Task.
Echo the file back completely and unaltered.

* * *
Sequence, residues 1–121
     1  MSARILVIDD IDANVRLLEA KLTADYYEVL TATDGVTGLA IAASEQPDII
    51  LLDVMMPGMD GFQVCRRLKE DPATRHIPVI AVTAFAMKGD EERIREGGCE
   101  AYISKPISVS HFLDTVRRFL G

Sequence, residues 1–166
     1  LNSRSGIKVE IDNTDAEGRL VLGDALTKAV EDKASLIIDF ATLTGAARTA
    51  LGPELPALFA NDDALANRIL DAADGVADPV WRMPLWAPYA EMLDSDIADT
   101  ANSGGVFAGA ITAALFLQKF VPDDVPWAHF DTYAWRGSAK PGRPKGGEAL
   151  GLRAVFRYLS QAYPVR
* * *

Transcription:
Sequence, residues 1–121
     1  MSARILVIDD IDANVRLLEA KLTADYYEVL TATDGVTGLA IAASEQPDII
    51  LLDVMMPGMD GFQVCRRLKE DPATRHIPVI AVTAFAMKGD EERIREGGCE
   101  AYISKPISVS HFLDTVRRFL G

Sequence, residues 1–166
     1  LNSRSGIKVE IDNTDAEGRL VLGDALTKAV EDKASLIIDF ATLTGAARTA
    51  LGPELPALFA NDDALANRIL DAADGVADPV WRMPLWAPYA EMLDSDIADT
   101  ANSGGVFAGA ITAALFLQKF VPDDVPWAHF DTYAWRGSAK PGRPKGGEAL
   151  GLRAVFRYLS QAYPVR